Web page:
Bumble, set in motion at the beginning of last December, is, essentially, a dating app. However, they got a rather interesting feature off the ground today.
This innovation isn’t standalone, but was borne as a supplementary tool in an app that allows for the expansion of user capabilities. We’re talking about photo messaging. In fact, we recently observed a similar move by Tinder. No eyebrows were raised, considering the fact that Bumble co-founder Whitney Wolfe was among those, who participated in Tinder’s launch. She is currently suing her former colleagues and, in the meantime, is engaged in creating a marketable product.
Of course, there are growing concerns among skeptics that photos sent in this type of app will often be of provocative nature. Therefore, we can’t help but wonder if Bumble’s algorithm is up to the task of fighting unsuitable content.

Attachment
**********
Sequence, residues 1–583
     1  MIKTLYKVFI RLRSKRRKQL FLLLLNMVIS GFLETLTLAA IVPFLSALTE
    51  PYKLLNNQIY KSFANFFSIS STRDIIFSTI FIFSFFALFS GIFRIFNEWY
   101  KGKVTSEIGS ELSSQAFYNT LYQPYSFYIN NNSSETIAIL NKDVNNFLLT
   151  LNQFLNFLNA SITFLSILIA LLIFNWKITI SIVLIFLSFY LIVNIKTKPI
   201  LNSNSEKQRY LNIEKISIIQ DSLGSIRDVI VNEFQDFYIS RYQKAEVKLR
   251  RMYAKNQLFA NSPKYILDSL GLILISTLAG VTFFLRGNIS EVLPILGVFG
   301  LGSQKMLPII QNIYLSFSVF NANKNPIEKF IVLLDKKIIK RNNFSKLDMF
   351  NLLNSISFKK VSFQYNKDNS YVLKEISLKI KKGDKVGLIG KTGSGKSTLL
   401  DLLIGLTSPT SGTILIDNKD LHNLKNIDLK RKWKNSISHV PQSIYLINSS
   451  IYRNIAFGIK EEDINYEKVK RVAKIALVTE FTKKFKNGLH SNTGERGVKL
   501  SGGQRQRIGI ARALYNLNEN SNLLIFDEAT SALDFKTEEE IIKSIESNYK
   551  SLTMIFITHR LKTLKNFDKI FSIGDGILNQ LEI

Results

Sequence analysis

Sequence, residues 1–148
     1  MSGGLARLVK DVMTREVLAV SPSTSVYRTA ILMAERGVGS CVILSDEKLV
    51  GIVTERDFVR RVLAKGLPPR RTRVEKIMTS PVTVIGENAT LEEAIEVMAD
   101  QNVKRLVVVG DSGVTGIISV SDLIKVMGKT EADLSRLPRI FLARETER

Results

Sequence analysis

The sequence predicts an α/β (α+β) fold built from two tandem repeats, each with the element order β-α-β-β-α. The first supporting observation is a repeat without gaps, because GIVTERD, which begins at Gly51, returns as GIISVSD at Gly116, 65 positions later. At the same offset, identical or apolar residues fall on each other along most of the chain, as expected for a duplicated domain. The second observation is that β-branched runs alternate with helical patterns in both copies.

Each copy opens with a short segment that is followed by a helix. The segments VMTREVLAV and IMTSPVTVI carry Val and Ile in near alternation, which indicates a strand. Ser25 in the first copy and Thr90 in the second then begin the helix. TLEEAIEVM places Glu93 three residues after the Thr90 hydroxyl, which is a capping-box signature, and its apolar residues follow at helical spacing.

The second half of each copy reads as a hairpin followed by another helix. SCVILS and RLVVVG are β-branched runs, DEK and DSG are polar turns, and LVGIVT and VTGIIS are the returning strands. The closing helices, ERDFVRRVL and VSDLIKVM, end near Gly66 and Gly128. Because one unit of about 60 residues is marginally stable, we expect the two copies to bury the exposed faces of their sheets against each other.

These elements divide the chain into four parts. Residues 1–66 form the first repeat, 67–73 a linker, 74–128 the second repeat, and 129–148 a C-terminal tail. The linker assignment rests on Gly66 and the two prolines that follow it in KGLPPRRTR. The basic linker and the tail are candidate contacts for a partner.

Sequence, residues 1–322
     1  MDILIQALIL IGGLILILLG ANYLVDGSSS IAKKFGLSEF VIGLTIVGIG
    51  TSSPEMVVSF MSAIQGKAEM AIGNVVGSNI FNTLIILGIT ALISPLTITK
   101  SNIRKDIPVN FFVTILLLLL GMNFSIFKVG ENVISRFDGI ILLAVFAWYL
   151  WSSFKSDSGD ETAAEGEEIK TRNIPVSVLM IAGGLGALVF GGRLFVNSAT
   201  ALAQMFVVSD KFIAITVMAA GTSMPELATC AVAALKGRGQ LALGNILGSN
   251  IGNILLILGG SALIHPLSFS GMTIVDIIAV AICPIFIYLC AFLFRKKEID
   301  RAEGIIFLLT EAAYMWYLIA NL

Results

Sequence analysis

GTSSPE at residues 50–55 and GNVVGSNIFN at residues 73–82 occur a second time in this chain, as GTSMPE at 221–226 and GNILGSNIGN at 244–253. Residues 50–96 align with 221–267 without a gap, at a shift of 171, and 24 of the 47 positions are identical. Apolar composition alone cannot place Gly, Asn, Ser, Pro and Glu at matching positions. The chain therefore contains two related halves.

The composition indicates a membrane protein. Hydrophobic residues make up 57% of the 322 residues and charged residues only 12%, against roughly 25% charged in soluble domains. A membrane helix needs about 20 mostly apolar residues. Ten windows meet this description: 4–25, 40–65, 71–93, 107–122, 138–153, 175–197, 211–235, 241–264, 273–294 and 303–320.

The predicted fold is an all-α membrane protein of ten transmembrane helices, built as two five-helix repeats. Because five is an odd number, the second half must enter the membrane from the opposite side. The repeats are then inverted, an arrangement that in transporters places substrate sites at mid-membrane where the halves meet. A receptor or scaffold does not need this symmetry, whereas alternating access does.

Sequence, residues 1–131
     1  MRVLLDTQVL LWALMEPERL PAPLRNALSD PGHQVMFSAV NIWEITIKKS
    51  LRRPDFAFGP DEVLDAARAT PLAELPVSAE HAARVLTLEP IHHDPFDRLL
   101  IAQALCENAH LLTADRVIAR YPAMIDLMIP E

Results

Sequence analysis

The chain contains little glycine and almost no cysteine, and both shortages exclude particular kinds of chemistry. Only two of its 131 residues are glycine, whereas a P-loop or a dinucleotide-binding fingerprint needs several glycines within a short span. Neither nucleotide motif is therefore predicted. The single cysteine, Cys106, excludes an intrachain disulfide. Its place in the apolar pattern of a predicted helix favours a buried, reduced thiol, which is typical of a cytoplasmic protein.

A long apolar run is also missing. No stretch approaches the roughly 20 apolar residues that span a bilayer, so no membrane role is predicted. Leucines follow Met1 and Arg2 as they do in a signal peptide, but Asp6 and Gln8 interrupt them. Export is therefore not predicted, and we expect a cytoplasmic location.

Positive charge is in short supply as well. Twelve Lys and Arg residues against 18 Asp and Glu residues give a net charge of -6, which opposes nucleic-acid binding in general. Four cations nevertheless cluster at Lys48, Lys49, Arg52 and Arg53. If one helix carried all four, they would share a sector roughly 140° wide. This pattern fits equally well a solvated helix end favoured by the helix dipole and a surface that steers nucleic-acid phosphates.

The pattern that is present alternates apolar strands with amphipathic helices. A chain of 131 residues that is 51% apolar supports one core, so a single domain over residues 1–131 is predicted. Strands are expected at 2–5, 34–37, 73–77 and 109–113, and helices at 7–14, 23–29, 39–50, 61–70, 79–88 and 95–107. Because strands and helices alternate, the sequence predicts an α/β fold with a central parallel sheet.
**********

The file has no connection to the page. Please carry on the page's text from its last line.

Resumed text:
As a result, we get the following explanation. Each time a user sends a photo message two follow-up actions occur: first, a blurred out photo appears, so that the receiving end can decide to open it or not. Seems an awful lot like some of the functions you can find on Snapchat. Secondly, each posted photo is accompanied by Facebook personal data syncing, aimed at preventing anonymous permissiveness.
Most probably, these security measures are in no way able of stopping those, who want to spam up their conversation partners with unsuitable content, because they have the liberty of jotting up fake social media accounts to log into the app. In this regard, Bumble made it an absolute must to have a set minimum of real Facebook friends.
By the way, the app also lets you draw and compose messages, very similar to Snapchat.